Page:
How to Bead Like Nobody's Watching
|My version of right-angle weave with Twin beads. Looks an awful lot like…|
|Kassie Inman's Patchwork pattern for Twin beads.|
A few weeks ago, I came up with what I thought was a pretty unique version of right-angle weave using Twin two-holed seed beads. I posted a picture of it on my Facebook page, and a little while later, another very talented beader, Kassie Shaw Inman, commented that she had created something that looked strikingly similar, and showed me a photograph of it. We traded information with each other about how our designs were made, and we walked away with a better understanding of how our designs were constructed, and maybe even a little bit of inspiration for new designs.
I think it can be easy to feel intimidated when you're learning how to bead, and especially when you start designing your own seed bead patterns. Nobody wants to be accused of "stealing" somebody's original jewelry design, myself included. It's distressing to be on the receiving end of such an accusation, especially if the accusations are unwarranted. Because, yes, I have seen it happen where two beaders have come up with nearly identical designs from opposite corners of the country or even the planet. I have also seen relationships ruined because of misunderstandings between designers, and that just makes me sad.
How you interact with your fellow beaders should leave you feeling good and positive, in my humble opinion. I'd like to suggest three ways to save your own sanity and create a positive outcome when it comes to the highly charged issue of copyright and intellectual property:
Keep your cool. If you believe that someone has used one of your designs without your permission or knowledge, approach them kindly. It's better to be polite when making your initial inquiry, privately, then to go in with anger in any kind of public forum. Approaching the situation with a clear and level head may not be the easiest thing to do, but in the long run, everyone benefits from this.
Save your energy. Either the person who is using your design will do the right thing and remove it or acknowledge you, or they won't. Is it really worth a lot of your precious time, energy, and maybe even your hard-earned cash, to force this person to adhere to a code of ethics? Personally, I would rather save my time and energy for things like, well, beading. (And yoga, but that's for another blog!)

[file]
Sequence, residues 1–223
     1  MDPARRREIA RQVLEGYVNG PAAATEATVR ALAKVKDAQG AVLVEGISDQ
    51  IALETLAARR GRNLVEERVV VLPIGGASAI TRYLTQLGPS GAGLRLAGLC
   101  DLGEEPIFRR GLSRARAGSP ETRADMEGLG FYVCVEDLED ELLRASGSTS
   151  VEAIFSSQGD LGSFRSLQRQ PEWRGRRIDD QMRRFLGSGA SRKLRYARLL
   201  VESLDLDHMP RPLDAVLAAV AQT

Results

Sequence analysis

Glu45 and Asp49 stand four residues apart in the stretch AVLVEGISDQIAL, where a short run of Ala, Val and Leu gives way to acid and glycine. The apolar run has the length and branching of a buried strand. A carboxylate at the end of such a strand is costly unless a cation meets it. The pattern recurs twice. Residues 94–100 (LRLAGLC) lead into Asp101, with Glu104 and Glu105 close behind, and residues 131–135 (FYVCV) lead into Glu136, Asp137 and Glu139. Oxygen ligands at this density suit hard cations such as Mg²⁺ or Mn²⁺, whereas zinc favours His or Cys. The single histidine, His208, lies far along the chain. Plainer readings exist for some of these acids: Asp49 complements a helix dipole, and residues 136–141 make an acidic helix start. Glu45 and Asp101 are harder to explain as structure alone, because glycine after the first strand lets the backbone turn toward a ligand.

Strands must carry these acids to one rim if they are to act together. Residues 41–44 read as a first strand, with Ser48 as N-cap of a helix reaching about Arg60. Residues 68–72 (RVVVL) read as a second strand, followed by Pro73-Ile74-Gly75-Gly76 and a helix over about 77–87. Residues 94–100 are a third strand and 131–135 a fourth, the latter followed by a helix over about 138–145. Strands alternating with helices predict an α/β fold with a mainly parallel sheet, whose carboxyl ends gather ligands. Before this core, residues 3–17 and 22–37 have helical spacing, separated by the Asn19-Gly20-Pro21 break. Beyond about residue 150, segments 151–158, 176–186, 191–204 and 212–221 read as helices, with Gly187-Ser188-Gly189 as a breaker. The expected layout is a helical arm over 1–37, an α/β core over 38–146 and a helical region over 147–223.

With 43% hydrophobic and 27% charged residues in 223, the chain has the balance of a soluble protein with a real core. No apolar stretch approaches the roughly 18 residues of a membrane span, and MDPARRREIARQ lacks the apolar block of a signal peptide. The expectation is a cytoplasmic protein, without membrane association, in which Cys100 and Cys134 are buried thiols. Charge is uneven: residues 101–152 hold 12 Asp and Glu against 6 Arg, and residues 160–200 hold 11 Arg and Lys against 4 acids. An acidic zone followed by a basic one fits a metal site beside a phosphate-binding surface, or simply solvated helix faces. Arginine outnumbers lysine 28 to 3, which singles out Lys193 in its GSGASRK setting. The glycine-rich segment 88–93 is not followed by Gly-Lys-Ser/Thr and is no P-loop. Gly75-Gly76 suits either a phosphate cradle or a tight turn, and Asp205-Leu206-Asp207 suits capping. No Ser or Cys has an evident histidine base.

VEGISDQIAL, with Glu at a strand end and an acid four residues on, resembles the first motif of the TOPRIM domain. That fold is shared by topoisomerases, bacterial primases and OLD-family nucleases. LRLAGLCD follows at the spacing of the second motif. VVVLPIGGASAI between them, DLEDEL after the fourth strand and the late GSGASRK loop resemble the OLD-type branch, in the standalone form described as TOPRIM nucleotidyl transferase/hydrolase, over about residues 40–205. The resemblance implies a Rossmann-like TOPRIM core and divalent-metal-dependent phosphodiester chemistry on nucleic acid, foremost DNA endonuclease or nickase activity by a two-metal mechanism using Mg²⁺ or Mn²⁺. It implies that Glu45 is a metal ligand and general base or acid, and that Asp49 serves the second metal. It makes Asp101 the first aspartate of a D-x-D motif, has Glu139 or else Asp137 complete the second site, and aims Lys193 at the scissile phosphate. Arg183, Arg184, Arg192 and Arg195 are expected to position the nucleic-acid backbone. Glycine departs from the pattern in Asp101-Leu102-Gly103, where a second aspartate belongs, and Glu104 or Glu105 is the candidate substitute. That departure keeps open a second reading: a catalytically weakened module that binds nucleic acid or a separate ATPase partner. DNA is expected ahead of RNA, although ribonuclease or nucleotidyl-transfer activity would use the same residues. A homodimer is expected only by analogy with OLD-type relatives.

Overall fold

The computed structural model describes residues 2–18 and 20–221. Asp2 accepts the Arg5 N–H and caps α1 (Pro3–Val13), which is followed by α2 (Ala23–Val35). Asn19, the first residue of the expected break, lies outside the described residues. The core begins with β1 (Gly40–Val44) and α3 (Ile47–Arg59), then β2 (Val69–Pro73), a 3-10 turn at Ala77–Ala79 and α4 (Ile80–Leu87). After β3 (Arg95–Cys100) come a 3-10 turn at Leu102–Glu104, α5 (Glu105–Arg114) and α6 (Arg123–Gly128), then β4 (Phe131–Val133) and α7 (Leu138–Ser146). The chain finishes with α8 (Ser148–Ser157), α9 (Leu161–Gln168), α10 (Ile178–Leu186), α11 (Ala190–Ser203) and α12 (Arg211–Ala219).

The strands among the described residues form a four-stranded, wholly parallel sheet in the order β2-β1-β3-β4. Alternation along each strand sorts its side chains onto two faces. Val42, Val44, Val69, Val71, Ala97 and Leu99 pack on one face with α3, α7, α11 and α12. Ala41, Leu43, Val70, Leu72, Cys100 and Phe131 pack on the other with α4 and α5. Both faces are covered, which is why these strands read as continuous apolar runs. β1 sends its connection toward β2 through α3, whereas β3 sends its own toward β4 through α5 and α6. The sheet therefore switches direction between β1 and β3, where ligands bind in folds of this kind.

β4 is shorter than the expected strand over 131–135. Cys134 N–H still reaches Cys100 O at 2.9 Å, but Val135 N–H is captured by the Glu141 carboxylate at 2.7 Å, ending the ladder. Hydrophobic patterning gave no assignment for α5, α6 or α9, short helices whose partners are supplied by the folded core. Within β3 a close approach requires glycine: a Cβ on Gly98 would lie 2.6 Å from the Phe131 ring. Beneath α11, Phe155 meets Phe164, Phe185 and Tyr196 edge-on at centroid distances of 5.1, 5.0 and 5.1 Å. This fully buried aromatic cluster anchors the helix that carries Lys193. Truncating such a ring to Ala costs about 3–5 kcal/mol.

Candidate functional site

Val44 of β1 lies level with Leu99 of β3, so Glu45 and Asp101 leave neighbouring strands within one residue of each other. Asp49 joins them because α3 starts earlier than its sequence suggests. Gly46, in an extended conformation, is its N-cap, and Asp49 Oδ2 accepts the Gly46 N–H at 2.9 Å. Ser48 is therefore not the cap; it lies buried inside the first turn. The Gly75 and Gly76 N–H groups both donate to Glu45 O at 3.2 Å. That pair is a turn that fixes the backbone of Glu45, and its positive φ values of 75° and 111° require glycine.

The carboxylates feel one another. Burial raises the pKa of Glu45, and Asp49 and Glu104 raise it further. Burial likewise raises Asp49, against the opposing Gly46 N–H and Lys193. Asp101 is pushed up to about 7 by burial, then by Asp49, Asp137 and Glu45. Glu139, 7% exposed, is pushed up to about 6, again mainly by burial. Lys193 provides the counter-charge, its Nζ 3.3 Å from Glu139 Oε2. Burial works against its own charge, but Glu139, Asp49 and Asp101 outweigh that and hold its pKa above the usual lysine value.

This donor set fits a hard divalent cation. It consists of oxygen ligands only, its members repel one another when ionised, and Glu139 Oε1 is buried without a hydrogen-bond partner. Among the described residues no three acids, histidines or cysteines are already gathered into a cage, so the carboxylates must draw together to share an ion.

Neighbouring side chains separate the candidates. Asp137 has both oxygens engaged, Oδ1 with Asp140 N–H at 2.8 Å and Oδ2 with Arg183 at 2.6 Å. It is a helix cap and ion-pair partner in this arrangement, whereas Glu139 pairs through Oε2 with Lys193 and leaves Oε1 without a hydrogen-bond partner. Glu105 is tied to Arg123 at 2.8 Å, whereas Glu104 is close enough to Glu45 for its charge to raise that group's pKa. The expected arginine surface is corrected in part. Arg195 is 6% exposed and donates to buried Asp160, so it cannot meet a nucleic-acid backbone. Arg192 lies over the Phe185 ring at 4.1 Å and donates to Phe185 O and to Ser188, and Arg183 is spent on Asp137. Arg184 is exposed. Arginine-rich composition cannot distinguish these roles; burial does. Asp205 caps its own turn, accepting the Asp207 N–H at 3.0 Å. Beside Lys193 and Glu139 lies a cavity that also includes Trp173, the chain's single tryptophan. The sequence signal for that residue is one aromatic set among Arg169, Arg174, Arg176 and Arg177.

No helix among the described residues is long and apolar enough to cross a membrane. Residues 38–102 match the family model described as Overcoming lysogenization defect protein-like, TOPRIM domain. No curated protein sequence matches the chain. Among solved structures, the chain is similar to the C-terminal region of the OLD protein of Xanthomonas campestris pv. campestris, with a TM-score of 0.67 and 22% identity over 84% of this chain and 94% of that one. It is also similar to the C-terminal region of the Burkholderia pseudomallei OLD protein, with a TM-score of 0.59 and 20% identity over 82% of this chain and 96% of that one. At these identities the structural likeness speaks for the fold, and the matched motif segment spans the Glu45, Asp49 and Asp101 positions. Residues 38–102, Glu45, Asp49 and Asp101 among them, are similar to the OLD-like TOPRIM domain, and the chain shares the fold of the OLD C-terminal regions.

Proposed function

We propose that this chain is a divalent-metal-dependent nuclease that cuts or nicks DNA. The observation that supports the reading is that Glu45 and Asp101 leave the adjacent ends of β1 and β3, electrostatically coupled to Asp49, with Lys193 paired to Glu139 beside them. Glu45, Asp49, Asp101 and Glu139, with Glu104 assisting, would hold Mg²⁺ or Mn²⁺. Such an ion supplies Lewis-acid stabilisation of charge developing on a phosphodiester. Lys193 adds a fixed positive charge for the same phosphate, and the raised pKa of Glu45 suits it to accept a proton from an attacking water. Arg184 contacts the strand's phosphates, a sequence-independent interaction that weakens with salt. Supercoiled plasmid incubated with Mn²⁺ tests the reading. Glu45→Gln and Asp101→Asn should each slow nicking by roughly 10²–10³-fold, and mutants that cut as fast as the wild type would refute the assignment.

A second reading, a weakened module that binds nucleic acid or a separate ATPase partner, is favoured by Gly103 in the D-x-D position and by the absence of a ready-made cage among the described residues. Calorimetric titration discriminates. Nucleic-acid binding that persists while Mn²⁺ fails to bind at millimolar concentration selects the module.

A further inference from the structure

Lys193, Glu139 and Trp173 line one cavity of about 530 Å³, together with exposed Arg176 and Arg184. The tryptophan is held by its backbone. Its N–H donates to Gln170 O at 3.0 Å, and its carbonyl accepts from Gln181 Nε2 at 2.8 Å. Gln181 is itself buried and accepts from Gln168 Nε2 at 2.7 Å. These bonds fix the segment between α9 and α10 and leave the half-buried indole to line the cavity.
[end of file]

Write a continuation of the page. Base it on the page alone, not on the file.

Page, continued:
Bead like no one's watching. Keep calm and bead on, bead like no one's watching — however you want to phrase it, keep your head up, and keep your needles stitching. Someone who is going to copy your designs and pass them off as their own is really only going to hurt themselves in the long run. As long as you keep beading and learning how to bead using new techniques and materials, your designs will continue to evolve. Because your own designs come straight from the heart, there's no way to copy that!
Remember this, most of all: no one can make you feel bad without your permission. Put your beady light out there, let it shine bright, and bask in the good vibes you get from spending time with your beads and your friends carry your forward in bliss.
Need an excuse to just play with your beads? Check out Finishing Touches for Beadwork with Melinda Barta, and learn how to bead 35 different embellishment techniques for your beaded jewelry designs. Once you learn the basics of fringe, surface embellishment, and edgings, have fun exploring and experimenting to make each technique your own. Get your copy of Finishing Touches for Beadwork and re-discover your passion for beads! (Can't wait to get started? You can also get Finishing Touches for Beadwork as an instant download!)
What are your thoughts on handling a situation where a design may have been copied without the permission or knowledge of the originator? How would you handle it? We'd love you to share your thoughts here on the Beading Daily blog!
P.S. You can find more of Kassie's fabulous beading patterns and designs on her website, The Beading Butterfly.